Ever since “The Lion King” premiered on Broadway back in 1997, Disney has been recreating its beloved animated films for the stage, with successful runs of “The Little Mermaid,” “Beauty and the Beast,” and now, the popular flick “Frozen.” The key to their success? They stay true to the original film while also adding depth to their roles, growing them from one-dimensional fairytale personalities into complex characters that can evoke real emotion.
“Disney’s Aladdin,” which opened on Broadway in 2014 and is currently playing in Baltimore, stays true to this formula. Once audiences take that trip to Agrabah, the fictional Middle Eastern city that is the home to this vivid and fun-filled plot, they will find the characters they love have been brought to life, bringing a few surprises along with them.
The story is pretty much the same, telling the age-old tale of the princess and the pauper — or in this case, the sweet orphaned thief Aladdin, portrayed by Jonah Ho’okano, and doe-eyed rebel Princess Jasmine played by Kaena Kekoa, who is set to be married off by her father, the Sultan.
Aladdin and Jasmine’s chance street encounter ignites a spark between them. But circumstances threaten to tear them apart when Aladdin is sucked into the evil Jafar’s plot to seize power via a magic lamp concealed in the Cave of Wonders.
I’ll admit, I was a little disappointed that we didn’t see much of Jasmine in the opening act. But when she grabs more stage time, Kekoa’s committed portrayal is granted a few, perfect moments to assert her alluring, confident curiosity as well as show off her comedic abilities and impressive vocals. Her interactions with Ho’okano were also significant; the chemistry was strong between the two.
In this new vision of the old classic, we have, of course, a sassy, fast-talking genie — Korie Lee Blossey — who introduces the Broadway version, then takes center stage when Aladdin rubs the magical lamp to free him.
Blossey is perfect in his role. His energy and wit enliven every scene he’s in, which isn’t a lot of stage time until he’s freed from the magic lamp near the end of the first half.
Jafar, the anti-hero of Aladdin, was also played with delectable comic menace, by Jonathan Weir, along with his amusing sidekick Iago, played by the humorous Reggie De Leon.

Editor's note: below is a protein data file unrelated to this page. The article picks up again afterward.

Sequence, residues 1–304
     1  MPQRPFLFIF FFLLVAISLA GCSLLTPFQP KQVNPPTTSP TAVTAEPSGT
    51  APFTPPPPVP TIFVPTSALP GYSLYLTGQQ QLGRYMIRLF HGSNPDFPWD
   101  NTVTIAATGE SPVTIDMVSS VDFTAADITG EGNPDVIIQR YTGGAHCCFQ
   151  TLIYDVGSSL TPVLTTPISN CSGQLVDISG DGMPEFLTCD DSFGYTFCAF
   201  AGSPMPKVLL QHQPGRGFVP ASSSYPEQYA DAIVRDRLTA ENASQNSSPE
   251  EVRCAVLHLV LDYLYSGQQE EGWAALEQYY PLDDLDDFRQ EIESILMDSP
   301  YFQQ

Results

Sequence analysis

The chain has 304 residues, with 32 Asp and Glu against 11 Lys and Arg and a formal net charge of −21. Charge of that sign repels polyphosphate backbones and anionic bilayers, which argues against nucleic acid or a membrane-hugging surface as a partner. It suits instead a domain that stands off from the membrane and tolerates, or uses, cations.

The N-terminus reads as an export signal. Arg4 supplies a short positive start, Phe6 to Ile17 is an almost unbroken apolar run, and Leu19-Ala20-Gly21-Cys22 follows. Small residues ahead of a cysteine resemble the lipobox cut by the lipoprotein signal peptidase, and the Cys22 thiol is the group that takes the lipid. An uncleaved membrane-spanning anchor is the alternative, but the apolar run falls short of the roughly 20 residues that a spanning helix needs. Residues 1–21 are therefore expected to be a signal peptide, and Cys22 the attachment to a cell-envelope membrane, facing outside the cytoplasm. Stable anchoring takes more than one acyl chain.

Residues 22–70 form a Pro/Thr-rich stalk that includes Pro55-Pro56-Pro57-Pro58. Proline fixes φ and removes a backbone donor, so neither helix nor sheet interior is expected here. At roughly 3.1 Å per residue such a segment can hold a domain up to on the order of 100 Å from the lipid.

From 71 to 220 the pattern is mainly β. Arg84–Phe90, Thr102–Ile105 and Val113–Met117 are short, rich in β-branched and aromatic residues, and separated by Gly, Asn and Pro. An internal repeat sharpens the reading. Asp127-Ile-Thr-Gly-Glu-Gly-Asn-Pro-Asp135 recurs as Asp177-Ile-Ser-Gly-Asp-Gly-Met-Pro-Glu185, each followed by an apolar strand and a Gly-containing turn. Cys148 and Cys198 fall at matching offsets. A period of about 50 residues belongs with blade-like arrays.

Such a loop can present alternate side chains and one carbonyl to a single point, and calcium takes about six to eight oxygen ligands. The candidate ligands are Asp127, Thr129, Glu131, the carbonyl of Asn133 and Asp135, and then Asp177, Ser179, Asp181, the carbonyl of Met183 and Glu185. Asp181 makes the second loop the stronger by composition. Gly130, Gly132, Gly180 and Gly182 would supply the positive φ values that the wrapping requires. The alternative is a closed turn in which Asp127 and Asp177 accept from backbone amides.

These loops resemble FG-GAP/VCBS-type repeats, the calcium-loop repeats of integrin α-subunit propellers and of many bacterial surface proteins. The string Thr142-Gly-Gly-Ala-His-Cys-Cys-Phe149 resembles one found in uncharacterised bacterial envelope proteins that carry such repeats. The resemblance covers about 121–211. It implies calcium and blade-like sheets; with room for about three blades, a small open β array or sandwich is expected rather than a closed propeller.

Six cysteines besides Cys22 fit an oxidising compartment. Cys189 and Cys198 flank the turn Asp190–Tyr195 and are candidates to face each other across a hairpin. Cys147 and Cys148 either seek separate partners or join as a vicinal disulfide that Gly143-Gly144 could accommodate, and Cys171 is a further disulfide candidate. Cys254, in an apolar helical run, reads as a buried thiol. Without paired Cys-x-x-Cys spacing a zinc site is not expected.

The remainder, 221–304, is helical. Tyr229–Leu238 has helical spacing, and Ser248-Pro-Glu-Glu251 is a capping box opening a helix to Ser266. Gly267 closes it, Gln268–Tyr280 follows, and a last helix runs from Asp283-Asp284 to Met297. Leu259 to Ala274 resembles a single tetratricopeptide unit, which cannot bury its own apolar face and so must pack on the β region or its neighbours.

Now, in the second half, we get to the fun part: Aladdin rubs the lamp and the Genie appears, a tornado of energy and humor, eager and willing to fulfill three wishes and provide tons of Broadway-style pizzazz in the process. His head is a luminous dome, his painted-on eyebrows are over-the-top, he’s fabulous and sassy, and his broad pop culture references and impersonations have been refreshed for our generation by the book writer Chad Beguelin.
And the lead-up to Aladdin and Genie’s pair up is by far the show’s brightest spot, full of song and dance to the classic “A Friend Like Me” melody. If anything deserved the standing ovation at the close of the show, it was this stunning sequence as well as the anticipated “A Whole New World” arrangement complete with the signature magic flying carpet ride.
I can’t forget to mention the other fantastic set pieces, as scenic designer Bob Crowley dazzles us first with a rosy, saturated market in Agrabah, then the elegant white gossamer of the Sultan’s palace against a sapphire sky, and finally, the immense, gold-encrusted Cave of Wonders, complete with moving pillars that slide onstage and then contracted up to their full height.
Gregg Barnes’ glittery costume design was also a standout of the show, and director and choreographer Casey Nicholaw’s lively dance numbers kept the show moving.
I would recommend making someone’s wish come true by taking them to this play, which runs through Sunday. Young, old, or in-between, I’m sure they will all be swept away in this exciting production’s magical spell. Aladdin will play through December 1 at the Hippodrome.